Posted on September 21, 2010 by John Purcell, The Booktopia Book Guru
I once read a book review written by Theodore Dreiser . The book he was reviewing was Of Human Bondage by W. Somerset Maugham. What I recall of that review, read many years ago, is that Dreiser had come clean, saying something like – it took Maugham 500 odd pages to convey all that is conveyed in the novel, and so much is, what hope have I of giving you an impression of such a novel in a short review? All I should say here is – read it. For it is only by others reading it that my review will be written.
When I sat down to write a review of Freedom by Jonathan Franzen I read through the notes I had taken while reading and found no recognisable pattern in them. If I were to write a review I would have to draw together these disparate reactions and manhandle them into one congenial whole. I found I couldn’t do this.
In the midst of my frustration, I remembered Dreiser’s approach. I was very tempted to follow his example to the letter, but I changed my mind. Readers today have umpteen million novels to chose from (and more every minute). In such bountiful times we all need help to decide what next to read. So, for what they’re worth, here are my notes. They are my thoughts whilst reading Freedom by Jonathan Franzen and, depending on your reading of them, they will either extinguish your desire to read the book, or increase your desire. I kinda a hope it’s the latter.
Update: A much cheaper edition of Freedom has been released – you can buy it here – if you want…
Franzen opens Freedom with a teaser, he says, these ordinary people, Patti and Walter Berglund, living ordinary lives, are not what they seem. Then he draws a pen portrait of Walter and Patti as seen through the eyes of their neighbours. Yep, we readily agree, these are ordinary people. And yet lurking in the back of our minds is – he said all is not what it seems. And we turn the page. Continue reading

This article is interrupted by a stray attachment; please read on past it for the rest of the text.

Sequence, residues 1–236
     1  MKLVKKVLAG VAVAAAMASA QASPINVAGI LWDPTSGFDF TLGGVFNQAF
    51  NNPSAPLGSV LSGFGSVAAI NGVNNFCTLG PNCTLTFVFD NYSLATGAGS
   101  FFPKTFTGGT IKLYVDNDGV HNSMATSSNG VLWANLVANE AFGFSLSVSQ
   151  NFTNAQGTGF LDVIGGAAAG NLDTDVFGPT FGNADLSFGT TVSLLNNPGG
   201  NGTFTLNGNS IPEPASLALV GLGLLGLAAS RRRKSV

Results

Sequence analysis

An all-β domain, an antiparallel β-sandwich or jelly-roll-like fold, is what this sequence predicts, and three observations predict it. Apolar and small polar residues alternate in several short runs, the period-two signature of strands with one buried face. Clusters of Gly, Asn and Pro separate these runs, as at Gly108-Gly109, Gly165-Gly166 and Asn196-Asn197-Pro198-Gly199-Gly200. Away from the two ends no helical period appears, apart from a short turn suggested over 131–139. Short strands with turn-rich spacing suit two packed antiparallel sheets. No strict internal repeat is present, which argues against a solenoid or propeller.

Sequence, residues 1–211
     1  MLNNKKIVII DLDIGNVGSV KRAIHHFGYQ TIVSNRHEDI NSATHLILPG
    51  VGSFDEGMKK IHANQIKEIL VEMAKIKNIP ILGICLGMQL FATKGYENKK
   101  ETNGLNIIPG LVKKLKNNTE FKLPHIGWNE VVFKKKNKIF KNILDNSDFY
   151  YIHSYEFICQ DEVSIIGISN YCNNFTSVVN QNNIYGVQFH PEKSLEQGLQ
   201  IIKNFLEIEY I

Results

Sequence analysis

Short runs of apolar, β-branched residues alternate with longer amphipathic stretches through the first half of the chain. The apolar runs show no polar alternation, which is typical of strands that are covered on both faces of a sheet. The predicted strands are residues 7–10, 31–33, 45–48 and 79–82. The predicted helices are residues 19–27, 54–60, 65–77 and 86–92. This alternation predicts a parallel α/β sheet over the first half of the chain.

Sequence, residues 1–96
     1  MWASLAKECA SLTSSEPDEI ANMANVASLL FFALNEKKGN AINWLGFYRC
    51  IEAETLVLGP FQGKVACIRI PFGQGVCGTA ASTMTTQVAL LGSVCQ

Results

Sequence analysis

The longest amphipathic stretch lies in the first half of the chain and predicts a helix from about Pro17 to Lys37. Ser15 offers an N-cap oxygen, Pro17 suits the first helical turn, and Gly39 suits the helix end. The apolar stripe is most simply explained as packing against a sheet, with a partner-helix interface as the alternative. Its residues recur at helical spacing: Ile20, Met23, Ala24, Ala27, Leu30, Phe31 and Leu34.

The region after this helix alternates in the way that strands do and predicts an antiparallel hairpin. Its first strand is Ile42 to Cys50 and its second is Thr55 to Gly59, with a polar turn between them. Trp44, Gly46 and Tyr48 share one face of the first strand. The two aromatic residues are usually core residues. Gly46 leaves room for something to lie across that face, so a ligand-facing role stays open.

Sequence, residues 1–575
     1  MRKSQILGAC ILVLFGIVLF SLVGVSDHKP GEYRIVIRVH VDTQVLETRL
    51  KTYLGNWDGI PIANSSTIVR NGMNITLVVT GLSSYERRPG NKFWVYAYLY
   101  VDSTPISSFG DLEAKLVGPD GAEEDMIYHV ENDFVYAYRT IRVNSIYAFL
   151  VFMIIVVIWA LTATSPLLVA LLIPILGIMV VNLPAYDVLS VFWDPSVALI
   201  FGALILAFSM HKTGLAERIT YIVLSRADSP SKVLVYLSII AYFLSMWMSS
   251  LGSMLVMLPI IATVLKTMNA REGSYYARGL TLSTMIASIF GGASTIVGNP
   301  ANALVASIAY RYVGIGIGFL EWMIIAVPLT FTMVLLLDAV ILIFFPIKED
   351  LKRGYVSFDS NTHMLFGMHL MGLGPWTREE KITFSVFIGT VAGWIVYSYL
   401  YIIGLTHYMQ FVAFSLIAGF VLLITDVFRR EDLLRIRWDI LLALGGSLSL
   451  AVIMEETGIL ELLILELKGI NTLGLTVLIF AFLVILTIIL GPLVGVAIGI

Filed under: Contemporary Literature, Fiction, Literary Classic, Literature, Review, Writing Style | Tagged: Christina Stead, Freedom, Jonathan Franzen, Theodore Dreiser, W. Somerset Maugham | 6 Comments »
Posted on August 24, 2010 by Toni Whitmont
It has taken Franzen nine years to complete Freedom, the follow-up to his 2001 bestselling novel The Corrections, and the wait seems worth it. The novelist just made the cover of Time magazine, the first living author to enjoy that distinction since Stephen King a decade ago. And the positive reviews are beginning to pour in all of which point to it being that rarest of things: an ambitious literary novel and a bestseller.
When I say positive, I mean positive. The Guardian is claiming it as “the novel of the century” with a wrap that starts a formidable and harrowing work, Jonathan Franzen’s new book is on a different plane from other contemporary fiction.
That is some claim. I am a little more tempered but it certainly is a great novel. While the structure at times seemed awkward, Franzen’s ability to create fully-realized, three-dimensional characters and, more so, to inhabit their minds with such penetrating psychological acuity, is seemingly limitless. Sam Anderson says much the same in his article for New York magazine. We have excerpts from that review and others here.
Fourteen years ago, Franzen declared that sweeping socially engaged novels by serious writers had lost their appeal. He then went on to write one, and to sell more than 1.5 million copies of it. A decade later he is attempting to prove himself wrong a second time.
Freedom is a multi-generational epic that follows an idealistic young couple who settle in the rough neighbourhood of St Paul, Minnesota. A very powerful insight into the disillusion of marriage and a story about the challenges, burdens and opportunities of personal freedom, the novel is full of the more generous ironies that endeared The Corrections to readers and literary reviewers alike. In charting the mistakes and joys of Freedom’s intensely realised characters as they struggle to learn how to live in an ever more confusing world, Franzen has produced an indelible and deeply moving portrait of our time.
Click here for more details or to buy Freedom
Delivery after September 1
Filed under: Fiction, Literature | Tagged: Freedom, Jonathan Franzen, The Corrections | 1 Comment »